GARY CLARK: I think being able to -- our team being versatile defensively adapting to whatever teams throw at us, like, you know, all year, we've seen different things as far as teams throwing at us with no post guys or having one dominant post guy.

So, you know, we have to turn our defense into offense. And a lot of times, it doesn't work that way, where we have to score the ball on the offensive end. So I think we just, as a unit, we recognize what we have to do that night and just get it done.

Q. Does this team remind you a lot of SMU with their length and the fact that they play a limited amount of players?
JACOB EVANS III: Yeah. Most definitely, because they only play six, seven guys. They're really close. They have great chemistry on the court. Also, they can attack you different ways on offense, how SMU was last year. And they cause matchup problems, one through five.

But we're going to prepare for them and be ready to play tomorrow.

GARY CLARK: Yes, definitely. They spread us out, you know. You think -- you try to wear them down, because they only have six guys, but, you know, they're so used to it all year, playing that way, where they make adjustments and, you know, they try not to foul.

But SMU last year definitely was one of those, just like this team, where everyone could kill you on any position and just cause terrible matchup problems, offensive rebounding, and it all just spread you out, gives them several different weapons they can use.

Q. All three of you came to Cincinnati from elsewhere. I wonder if you could describe or maybe play tour guide, what it's like as a basketball city. What it's like to live with the two big programs right there next to each other and so on.
KYLE WASHINGTON: I think it's interesting. Xavier's obviously a pretty good basketball program also. But I just think that Cincinnati as a city loves basketball, and they embrace the college atmosphere and the two programs and two styles. Two different cultures, so I think it's interesting.

GARY CLARK: Yeah, definitely. I didn't realize the exact -- the intensity between the two. You know, being from Carolina, you have Duke/Carolina/NC State. You don't really see much of it unless you're born into one of those homes.

But it's intense. You love -- the city loves a rivalry. It's like split right in the middle of some households. It's funny to hear one brother say UC, the other brother says Xavier.

But, you know, you live for the rivalry.

JACOB EVANS III: Honestly, coming from Louisiana, it's just exciting to see fans around the city that actually like basketball. Basketball is not a big sport where I'm from. So just having people that's interested is great for me.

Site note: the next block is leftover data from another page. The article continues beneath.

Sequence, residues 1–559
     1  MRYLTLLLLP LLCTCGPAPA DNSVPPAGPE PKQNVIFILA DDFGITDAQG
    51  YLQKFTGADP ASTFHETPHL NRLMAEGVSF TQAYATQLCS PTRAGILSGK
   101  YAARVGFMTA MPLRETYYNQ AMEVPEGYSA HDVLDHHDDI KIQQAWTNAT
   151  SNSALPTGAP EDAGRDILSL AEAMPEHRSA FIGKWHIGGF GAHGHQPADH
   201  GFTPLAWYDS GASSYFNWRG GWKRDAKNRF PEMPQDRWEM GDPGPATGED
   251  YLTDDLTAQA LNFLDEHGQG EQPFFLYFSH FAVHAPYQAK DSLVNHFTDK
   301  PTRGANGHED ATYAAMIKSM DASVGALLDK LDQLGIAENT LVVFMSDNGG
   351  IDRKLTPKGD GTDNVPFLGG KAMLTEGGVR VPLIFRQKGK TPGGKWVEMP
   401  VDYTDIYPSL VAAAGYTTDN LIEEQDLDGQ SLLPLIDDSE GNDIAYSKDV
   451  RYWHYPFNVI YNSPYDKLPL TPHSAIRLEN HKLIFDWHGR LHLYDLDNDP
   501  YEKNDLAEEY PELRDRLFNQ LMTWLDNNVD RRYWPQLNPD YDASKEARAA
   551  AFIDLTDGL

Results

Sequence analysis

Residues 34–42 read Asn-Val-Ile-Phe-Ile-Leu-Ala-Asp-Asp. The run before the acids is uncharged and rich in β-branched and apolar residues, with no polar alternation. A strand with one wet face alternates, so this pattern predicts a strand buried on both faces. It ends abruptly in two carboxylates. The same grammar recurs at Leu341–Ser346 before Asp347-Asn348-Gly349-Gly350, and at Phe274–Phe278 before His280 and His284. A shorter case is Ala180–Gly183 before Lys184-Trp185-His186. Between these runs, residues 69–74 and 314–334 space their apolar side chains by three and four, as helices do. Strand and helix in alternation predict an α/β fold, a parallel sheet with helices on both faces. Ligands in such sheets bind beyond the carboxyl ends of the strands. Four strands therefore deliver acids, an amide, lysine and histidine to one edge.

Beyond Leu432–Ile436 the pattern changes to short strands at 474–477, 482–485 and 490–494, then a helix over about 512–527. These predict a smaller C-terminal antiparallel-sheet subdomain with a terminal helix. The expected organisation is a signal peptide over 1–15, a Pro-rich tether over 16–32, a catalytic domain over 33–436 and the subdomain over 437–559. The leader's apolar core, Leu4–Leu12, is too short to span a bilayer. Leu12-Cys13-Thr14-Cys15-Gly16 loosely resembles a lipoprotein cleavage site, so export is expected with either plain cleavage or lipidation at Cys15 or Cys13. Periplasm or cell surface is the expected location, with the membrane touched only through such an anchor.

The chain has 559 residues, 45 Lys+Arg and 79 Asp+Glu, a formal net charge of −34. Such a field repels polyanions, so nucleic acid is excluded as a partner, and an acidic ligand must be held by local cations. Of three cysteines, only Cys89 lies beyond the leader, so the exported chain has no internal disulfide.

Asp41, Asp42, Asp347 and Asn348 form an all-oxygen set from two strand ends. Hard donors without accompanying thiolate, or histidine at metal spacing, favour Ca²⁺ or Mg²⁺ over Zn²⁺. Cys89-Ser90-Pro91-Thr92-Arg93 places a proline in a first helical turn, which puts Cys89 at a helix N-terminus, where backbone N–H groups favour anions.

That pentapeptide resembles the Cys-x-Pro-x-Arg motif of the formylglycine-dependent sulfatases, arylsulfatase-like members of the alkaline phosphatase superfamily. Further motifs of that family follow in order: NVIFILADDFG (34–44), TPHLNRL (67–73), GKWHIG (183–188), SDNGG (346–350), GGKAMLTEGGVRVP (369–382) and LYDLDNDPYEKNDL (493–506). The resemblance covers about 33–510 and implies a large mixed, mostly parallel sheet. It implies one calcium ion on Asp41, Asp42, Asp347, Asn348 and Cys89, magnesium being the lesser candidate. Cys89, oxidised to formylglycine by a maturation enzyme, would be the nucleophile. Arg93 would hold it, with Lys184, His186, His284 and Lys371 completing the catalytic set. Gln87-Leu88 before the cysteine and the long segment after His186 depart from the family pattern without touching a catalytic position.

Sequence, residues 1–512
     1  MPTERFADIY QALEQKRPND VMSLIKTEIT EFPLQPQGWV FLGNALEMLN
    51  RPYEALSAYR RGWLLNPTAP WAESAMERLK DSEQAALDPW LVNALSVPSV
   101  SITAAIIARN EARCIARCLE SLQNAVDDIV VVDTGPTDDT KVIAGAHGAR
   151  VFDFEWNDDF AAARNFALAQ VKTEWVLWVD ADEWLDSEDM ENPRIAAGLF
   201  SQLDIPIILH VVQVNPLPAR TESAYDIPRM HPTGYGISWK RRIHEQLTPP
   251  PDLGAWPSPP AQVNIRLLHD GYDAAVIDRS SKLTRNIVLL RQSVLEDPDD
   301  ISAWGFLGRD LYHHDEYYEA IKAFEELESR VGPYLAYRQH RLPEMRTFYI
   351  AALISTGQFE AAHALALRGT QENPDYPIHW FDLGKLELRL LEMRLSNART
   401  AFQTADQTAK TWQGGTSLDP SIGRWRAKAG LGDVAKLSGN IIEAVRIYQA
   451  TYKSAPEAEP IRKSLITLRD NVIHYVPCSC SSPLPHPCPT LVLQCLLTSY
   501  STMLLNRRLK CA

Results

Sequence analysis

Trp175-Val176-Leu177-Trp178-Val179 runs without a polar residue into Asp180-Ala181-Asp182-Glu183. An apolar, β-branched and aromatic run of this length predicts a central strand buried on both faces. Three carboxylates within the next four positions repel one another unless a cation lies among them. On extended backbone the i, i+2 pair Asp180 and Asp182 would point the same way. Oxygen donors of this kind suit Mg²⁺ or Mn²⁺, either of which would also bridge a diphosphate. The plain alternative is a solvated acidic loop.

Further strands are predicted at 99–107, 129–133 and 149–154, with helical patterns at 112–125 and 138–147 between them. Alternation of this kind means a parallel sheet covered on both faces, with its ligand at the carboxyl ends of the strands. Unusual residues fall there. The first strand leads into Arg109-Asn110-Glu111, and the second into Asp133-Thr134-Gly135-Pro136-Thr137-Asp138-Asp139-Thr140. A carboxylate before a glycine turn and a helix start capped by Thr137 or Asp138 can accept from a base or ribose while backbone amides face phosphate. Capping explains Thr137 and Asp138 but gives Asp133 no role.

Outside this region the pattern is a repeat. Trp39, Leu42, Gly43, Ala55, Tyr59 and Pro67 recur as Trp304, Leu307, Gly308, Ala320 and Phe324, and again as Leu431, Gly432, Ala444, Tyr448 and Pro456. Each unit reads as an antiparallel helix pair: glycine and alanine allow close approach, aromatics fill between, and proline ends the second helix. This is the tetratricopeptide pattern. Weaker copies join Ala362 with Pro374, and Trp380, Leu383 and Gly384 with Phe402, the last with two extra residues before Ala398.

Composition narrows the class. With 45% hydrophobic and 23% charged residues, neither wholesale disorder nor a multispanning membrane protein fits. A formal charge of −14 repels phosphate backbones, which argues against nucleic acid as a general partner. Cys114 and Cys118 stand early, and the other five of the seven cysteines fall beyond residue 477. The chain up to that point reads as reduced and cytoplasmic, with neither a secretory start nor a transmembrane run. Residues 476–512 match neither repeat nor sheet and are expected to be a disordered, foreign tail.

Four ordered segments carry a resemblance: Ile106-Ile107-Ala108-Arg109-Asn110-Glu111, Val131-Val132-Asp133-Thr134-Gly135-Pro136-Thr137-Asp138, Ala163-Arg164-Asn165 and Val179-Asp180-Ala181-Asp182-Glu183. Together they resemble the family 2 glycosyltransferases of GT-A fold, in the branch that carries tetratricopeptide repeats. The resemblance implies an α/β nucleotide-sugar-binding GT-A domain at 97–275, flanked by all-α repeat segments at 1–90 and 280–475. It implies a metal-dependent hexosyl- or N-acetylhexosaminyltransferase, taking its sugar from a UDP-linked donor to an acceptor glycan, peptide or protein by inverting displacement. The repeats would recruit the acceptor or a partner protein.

Q. Mick likes to talk about your program as a developmental program. He doesn't get a lot of one-and-done guys. He likes to bring players in and develop them. Gary and Jacob, you've been there the longest. Can you talk about what it's like to be in a program like that? Do you take pride in that? And what you think that means.
JACOB EVANS III: Most definitely, you know. Just showing how much your hard work pays off, year after year. It's actually -- it just helps you grow as a player, you know. Once you see that improvement coming from your hard work, it just makes you want to keep working harder and keep getting better as a player.

GARY CLARK: Definitely. You know, every year, to see the development I was going through, you know, it was tough sometimes. But I think now, as a senior, I really get to -- I'm glad I stayed the course. I talk to our young guys, Keith and Trevor, about how important it is, every summer, to really lock in.

Talking to Trevor now about playing with confidence. Just never get discouraged and constantly keep working at it. And I just can't be more thankful that I had coaches every summer that constantly just show me film and just get me to develop my game.

Q. Speaking of development, just talk about the progress that Jarron's made this year. He had an amazing game yesterday.
KYLE WASHINGTON: Jarron has always been a great player, from his freshman year, he's had impact games. Whenever he had his chance and whenever we needed it, he was always there.

So Jarron, the sky's the limit for him. Going off of Gary's point, we just kind of keep on -- reinforce the idea of keep on working hard. Don't worry about adversity. Keep on striving. Because, you know, they're going to be great.

But Ted, you know, sky's the limit for him. I love him.

Q. To follow up on the developmental thing, do you think it's good for college basketball to have more programs like that, given some of the things that are going on now across the country? Is it good for the game?
KYLE WASHINGTON: Do I think development is good for the game in college?

Yeah, I think it is, for sure, because sometimes people want instant success. Some people want that overnight success. Sometimes when you want something great, it's going to take a long time. You have to put a lot of time into it and you're going to have to make a lot of sacrifice.